= mass solute (salt) in the feed solution per mass of feed solution
hC
tC = mass of solute (salt) in the mother liquor per mass of mother liquor
= mass of solute (salt) in the srystals per mass of crystals
= enthalpy of the feed solution
Over-all material Balance:
= enthalpy of the mother liquor
= enthalpy of the crystals
= heat absorbed by the cooling water
Solute Balance:
= heat loss by the crystals
= specific heat of the feed solution
Enthalpy Balance: = specific heat of cooling water
= heat of crystallization
= over-all heat transfer coefficient
Heat Balance: = heat transfer area
= temperature of the feed solution
( ) = temperature of the mother liquor
( ) = inlet temperature of cooling water
= outlet temperature of cooling water
Heat Transfer Equation

( ) ( )
[ ]
CHEMICAL ENGINEERING SERIES 7
CRYSTALLIZATION

SUPERSATURATION BY EVAPORATION OF SOLVENT

Crystallizers that obtain precipitation by evaporating a solution; applicable for the substance whose solubility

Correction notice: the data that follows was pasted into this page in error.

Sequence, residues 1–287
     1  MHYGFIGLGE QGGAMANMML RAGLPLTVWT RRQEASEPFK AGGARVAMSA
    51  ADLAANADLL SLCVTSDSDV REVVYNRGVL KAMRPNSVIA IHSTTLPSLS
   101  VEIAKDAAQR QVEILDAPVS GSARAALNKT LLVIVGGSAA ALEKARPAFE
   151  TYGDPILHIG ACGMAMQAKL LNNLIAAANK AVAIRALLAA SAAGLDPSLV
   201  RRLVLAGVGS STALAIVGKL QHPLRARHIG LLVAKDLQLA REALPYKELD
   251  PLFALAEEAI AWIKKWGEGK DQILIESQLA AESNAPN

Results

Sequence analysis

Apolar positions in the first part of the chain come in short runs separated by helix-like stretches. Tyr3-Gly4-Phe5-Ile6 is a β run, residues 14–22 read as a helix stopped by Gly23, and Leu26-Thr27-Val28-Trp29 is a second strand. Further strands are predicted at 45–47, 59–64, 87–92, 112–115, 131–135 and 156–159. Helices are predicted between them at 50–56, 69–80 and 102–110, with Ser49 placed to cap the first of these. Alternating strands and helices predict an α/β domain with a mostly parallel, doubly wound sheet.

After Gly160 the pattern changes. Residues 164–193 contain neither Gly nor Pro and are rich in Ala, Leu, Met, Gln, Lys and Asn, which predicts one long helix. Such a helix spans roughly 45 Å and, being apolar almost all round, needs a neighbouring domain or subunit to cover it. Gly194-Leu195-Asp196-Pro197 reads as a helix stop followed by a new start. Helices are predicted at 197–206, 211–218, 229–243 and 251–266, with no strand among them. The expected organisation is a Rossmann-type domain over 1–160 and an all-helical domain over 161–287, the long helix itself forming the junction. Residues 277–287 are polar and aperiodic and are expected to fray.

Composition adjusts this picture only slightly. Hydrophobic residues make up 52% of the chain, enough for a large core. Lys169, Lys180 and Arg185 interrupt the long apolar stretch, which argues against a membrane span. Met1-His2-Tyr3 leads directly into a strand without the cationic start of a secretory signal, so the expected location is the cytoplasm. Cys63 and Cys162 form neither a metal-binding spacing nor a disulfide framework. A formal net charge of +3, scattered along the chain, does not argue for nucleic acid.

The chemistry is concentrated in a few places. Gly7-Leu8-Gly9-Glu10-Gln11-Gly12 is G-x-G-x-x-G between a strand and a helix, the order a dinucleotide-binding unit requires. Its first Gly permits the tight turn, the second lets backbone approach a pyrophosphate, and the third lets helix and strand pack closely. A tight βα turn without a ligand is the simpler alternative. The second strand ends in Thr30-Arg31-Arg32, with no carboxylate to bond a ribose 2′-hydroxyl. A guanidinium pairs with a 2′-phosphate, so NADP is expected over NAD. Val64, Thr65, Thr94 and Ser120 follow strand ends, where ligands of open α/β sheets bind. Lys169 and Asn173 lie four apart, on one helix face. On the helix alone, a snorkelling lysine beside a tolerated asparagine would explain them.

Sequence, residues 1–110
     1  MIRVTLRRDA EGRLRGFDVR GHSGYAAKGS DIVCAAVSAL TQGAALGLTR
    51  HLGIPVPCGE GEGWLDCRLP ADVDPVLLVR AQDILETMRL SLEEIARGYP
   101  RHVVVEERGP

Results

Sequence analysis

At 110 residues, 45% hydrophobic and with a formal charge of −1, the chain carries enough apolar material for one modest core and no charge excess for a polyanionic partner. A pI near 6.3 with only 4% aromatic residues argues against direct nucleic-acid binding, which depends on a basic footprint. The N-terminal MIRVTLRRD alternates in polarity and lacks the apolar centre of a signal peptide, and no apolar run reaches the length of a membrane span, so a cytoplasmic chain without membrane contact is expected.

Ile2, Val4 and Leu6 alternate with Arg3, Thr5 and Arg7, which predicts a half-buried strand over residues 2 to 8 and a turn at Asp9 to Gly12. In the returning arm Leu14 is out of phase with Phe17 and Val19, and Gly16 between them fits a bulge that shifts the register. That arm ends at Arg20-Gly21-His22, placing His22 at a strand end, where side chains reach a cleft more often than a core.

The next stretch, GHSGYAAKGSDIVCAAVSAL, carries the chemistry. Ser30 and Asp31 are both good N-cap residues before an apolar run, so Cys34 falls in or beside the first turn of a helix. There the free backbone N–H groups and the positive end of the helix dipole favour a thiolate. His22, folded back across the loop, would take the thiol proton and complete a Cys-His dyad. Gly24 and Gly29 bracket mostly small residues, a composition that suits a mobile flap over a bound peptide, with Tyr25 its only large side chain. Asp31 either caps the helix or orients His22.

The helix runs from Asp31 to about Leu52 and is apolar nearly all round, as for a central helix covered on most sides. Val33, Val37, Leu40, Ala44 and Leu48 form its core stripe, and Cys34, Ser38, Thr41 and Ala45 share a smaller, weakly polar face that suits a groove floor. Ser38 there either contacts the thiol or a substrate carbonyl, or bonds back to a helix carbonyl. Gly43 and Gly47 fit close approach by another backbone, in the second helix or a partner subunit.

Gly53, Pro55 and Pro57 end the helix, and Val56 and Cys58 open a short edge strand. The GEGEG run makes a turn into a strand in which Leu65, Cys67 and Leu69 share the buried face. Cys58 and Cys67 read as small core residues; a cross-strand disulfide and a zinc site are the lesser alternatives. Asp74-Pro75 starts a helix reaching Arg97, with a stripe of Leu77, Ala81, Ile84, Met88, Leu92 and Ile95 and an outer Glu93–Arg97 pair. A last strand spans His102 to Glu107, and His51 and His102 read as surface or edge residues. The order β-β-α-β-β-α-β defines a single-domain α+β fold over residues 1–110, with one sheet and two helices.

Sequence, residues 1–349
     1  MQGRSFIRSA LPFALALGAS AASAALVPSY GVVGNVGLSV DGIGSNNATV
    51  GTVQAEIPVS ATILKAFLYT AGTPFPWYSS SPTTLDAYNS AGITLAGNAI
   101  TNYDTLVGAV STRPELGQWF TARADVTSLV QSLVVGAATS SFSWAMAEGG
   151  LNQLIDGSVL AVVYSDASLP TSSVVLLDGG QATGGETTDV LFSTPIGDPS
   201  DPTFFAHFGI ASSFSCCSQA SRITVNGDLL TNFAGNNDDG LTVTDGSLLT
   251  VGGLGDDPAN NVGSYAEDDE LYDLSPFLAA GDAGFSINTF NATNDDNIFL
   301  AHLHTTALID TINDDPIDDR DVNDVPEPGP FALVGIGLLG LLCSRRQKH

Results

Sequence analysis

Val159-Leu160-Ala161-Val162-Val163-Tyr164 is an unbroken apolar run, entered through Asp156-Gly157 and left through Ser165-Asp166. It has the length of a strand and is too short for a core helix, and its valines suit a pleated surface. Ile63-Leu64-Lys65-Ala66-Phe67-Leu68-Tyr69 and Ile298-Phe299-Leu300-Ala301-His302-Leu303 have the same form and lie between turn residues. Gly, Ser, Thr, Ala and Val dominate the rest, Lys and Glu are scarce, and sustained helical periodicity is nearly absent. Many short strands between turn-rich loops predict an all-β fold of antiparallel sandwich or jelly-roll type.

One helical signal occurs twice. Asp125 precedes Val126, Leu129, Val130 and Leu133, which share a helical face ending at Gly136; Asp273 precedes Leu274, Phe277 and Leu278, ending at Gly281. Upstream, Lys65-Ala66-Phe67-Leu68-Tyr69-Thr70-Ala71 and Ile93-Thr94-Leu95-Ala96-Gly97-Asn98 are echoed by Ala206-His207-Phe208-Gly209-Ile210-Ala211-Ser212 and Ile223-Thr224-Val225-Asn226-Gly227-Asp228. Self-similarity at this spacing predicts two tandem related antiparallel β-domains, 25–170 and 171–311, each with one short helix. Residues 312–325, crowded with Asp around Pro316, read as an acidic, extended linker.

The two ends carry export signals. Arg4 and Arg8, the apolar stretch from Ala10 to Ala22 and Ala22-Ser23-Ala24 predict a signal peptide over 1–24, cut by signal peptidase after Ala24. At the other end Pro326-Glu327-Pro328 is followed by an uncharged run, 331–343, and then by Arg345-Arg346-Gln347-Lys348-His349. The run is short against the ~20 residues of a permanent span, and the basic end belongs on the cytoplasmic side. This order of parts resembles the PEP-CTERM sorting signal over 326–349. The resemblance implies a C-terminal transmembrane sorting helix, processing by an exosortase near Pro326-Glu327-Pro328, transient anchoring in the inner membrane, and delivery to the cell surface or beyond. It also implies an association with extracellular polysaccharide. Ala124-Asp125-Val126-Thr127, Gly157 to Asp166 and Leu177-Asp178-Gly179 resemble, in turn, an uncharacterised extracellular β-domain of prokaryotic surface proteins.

curve is flat that yield of solids by cooling is negligible; acceptable to any substance whose solubility curve is
not to steep

Salting Evaporator

The most common of the evaporating crystallizers; in older form, the crystallizer consisted of an evaporator
below which were settling chambers into which the salt settled

Oslo Crystallizer

Modern form of evaporating crystallizer; this unit is particularly well adopted to the production of large-sized
uniform crystals that are usually rounded; it consists essentially of a forced circulation evaporator with an
external heater containing a combination of salt filter and particle size classifier on the bottom of the
evaporator body

CALCULATIONS:

V where:
hV L = mass of the feed solution
F XL = mass of the mother liquor, usually saturated solution
XF hL = mass of the crystals
hf tL = mass of the cooling water
tF = mass of the evaporated solvent
W = mass solute (salt) in the feed solution per mass of feed
W
t1 C solution
t2
XC
= mass of solute (salt) in the mother liquor per mass of
hC
mother liquor
tC
= mass of solute (salt) in the srystals per mass of crystals
Over-all material Balance: = enthalpy of the feed solution
= enthalpy of the mother liquor
= enthalpy of the crystals
Solute Balance:
= enthalpy of the vapor
= heat absorbed by the cooling water
= heat loss by the crystals